I have four 6V Lifeline deep-cycle sealed lead acid batteries which are now 9 years old and have failed. Not surprising, but it is the way they failed very suddenly that leaves me curious as to how this happened and if I did anything wrong with them over the years. Maybe some here with more experience has some possible explanation.
Basically, these batteries were bought new together, connected in series to provide 24VDC, were only used a handful of times per year, rarely allowed to fall below 50% discharge, stored in a fixed stationary location (not in a vehicle or boat), and kept on float charge with a temperature sensor the rest of the time. My understanding of battery aging and failure is that as batteries age, they lose capacity from charge cycles and sulfation. But based on what happened to me, there must be more to it than just that!
Recently, I called this 9 year old battery bank into service. About 10-15 minutes later, the battery at the positive (+) end of the series suddenly failed. At rest, that battery still reads 6.42V like when it was new. But now with just a small load, the voltage drops to 2V or so and almost no amps come out. Remove the load, and relatively quickly the battery voltage rises back up to 6.42V.
The other batteries in the bank seemed fine, so I decided to switch to a 12V battery bank configuration to use the remaining three batteries for however long they last. However, similar results occurred with the next 2 batteries: again after 10-15 minutes of service, each battery at the positive (+) end of the series failed in similar way! I’m left now with just one working 6V battery at the negative (-) end of the series, the same one that has been there all three times, but I have no facility to charge it or utilize just 6V. I’m also doubtful the battery would function under load any longer than the others, even if I had an application to for it.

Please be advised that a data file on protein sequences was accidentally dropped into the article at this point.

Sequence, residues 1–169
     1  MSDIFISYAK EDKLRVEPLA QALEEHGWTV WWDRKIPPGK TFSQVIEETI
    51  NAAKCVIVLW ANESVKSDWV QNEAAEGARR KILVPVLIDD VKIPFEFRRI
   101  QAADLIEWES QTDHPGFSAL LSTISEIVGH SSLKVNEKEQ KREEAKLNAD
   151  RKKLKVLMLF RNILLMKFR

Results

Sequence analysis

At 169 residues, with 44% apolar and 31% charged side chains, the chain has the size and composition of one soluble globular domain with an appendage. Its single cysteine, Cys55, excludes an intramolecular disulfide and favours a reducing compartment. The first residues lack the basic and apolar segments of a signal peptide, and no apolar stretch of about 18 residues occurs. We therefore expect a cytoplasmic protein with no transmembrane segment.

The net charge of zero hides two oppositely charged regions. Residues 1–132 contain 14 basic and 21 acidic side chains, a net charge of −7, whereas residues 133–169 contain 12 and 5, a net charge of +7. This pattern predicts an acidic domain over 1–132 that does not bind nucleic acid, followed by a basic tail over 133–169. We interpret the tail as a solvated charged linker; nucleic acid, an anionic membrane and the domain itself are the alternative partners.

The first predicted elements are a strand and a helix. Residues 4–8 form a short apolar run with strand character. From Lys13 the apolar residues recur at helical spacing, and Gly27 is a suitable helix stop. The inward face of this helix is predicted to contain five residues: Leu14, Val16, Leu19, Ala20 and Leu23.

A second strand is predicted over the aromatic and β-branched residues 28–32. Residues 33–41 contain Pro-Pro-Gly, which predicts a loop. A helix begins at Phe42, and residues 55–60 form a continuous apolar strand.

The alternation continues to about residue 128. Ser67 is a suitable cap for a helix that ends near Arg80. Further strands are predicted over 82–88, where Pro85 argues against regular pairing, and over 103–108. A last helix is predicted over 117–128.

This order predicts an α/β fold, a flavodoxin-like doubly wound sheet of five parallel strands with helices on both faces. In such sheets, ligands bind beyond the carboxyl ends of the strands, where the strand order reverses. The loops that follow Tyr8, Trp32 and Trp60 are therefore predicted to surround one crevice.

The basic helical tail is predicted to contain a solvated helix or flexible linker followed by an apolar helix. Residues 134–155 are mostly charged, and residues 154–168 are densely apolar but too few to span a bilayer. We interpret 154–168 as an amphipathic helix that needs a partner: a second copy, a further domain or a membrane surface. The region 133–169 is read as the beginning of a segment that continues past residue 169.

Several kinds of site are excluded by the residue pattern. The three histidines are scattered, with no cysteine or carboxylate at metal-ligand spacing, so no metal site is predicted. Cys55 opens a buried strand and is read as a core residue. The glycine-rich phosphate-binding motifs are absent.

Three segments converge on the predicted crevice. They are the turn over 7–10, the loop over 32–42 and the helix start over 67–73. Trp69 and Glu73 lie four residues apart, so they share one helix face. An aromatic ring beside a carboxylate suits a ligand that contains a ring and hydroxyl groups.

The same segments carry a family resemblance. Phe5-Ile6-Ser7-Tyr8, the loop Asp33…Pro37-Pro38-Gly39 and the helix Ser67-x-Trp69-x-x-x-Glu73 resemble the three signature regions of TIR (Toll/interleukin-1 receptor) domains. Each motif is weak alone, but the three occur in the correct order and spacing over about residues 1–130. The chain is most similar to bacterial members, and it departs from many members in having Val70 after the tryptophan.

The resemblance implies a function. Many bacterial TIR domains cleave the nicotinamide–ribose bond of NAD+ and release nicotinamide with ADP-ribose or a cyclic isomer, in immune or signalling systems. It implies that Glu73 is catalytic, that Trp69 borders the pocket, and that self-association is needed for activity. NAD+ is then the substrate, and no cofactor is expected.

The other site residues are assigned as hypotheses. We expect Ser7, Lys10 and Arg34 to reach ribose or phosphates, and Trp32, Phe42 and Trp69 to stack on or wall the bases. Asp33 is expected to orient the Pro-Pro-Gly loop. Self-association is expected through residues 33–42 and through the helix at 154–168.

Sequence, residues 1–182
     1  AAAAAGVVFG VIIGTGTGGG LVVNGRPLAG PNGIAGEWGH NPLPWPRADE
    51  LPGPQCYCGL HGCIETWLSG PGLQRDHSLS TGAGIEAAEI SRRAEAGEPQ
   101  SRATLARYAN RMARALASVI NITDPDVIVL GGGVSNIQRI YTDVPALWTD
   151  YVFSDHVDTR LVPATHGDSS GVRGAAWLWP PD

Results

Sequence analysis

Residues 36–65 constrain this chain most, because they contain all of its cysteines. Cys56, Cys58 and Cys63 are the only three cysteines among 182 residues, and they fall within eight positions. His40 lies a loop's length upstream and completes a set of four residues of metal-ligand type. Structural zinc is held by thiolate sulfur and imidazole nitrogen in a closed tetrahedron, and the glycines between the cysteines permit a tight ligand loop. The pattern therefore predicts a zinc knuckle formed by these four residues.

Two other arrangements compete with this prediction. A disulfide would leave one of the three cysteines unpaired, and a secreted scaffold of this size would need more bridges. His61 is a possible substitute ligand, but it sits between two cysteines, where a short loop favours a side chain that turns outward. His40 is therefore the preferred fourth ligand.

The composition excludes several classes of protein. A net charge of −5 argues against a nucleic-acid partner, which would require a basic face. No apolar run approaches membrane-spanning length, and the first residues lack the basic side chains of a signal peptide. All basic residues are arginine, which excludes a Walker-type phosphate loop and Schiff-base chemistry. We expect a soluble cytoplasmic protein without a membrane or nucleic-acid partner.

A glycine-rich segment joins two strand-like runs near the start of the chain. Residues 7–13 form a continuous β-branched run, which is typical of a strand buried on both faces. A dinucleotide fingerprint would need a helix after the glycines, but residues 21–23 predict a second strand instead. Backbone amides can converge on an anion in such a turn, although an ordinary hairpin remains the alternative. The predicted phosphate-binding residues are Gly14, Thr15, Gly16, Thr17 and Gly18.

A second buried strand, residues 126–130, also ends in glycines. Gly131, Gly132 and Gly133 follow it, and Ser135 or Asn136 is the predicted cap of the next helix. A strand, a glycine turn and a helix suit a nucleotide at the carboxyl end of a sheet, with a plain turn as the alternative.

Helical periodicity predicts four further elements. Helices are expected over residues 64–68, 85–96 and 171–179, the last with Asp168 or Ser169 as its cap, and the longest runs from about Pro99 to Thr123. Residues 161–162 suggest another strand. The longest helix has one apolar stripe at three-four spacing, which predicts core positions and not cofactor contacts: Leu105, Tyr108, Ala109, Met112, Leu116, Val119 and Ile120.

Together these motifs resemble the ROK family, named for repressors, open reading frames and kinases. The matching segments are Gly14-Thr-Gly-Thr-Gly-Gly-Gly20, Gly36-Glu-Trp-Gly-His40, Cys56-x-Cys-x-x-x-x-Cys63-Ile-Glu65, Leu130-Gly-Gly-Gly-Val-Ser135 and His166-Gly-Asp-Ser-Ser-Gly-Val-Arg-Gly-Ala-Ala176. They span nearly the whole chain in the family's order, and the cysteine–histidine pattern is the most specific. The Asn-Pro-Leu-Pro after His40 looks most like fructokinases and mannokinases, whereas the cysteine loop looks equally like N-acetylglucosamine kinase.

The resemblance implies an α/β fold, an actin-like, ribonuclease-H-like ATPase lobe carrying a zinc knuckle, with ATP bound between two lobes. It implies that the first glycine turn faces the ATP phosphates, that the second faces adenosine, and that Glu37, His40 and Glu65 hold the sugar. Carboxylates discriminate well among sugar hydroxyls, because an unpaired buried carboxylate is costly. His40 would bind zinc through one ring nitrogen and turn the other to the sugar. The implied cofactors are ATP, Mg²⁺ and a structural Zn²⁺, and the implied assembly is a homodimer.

So, I’m confused here about what might cause this kind of battery failure. It’s almost like a fuse blew inside the battery, or lead plates cracked, or cells shorted, upon applying the load. Does age alone eventually cause this? Strange too that it was always the battery at the positive end of the string, coincidence? What process must be going on inside the battery to cause this, and is there anything that I could have done differently over the battery life (like not keep them on float charge for years) to change the form of death?
Not planning to perform an autopsy, but would like to get an understanding of what could eventually go wrong in a lead acid battery to cause this type of age failure. Thanks for your thoughts.